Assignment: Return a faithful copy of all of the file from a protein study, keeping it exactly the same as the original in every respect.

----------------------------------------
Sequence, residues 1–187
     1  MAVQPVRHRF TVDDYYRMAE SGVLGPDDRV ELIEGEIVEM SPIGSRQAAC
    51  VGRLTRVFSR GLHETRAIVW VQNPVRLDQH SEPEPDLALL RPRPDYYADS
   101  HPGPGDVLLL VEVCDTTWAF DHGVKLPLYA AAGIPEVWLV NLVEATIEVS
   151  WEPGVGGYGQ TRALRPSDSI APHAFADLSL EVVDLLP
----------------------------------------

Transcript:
Sequence, residues 1–187
     1  MAVQPVRHRF TVDDYYRMAE SGVLGPDDRV ELIEGEIVEM SPIGSRQAAC
    51  VGRLTRVFSR GLHETRAIVW VQNPVRLDQH SEPEPDLALL RPRPDYYADS
   101  HPGPGDVLLL VEVCDTTWAF DHGVKLPLYA AAGIPEVWLV NLVEATIEVS
   151  WEPGVGGYGQ TRALRPSDSI APHAFADLSL EVVDLLP